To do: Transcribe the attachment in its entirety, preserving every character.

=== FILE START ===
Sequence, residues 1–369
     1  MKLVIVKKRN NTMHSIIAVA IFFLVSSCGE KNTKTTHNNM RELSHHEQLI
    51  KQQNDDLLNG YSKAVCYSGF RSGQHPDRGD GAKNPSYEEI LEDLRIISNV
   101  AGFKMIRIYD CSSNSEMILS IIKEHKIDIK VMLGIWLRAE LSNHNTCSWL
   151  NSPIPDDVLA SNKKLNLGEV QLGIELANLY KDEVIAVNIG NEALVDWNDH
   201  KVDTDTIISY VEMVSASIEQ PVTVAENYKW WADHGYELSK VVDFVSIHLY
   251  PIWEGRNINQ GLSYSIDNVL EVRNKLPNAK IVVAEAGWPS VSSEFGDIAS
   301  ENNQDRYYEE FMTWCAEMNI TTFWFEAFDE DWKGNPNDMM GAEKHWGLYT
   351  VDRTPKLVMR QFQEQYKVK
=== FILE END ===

Sequence, residues 1–369
     1  MKLVIVKKRN NTMHSIIAVA IFFLVSSCGE KNTKTTHNNM RELSHHEQLI
    51  KQQNDDLLNG YSKAVCYSGF RSGQHPDRGD GAKNPSYEEI LEDLRIISNV
   101  AGFKMIRIYD CSSNSEMILS IIKEHKIDIK VMLGIWLRAE LSNHNTCSWL
   151  NSPIPDDVLA SNKKLNLGEV QLGIELANLY KDEVIAVNIG NEALVDWNDH
   201  KVDTDTIISY VEMVSASIEQ PVTVAENYKW WADHGYELSK VVDFVSIHLY
   251  PIWEGRNINQ GLSYSIDNVL EVRNKLPNAK IVVAEAGWPS VSSEFGDIAS
   301  ENNQDRYYEE FMTWCAEMNI TTFWFEAFDE DWKGNPNDMM GAEKHWGLYT
   351  VDRTPKLVMR QFQEQYKVK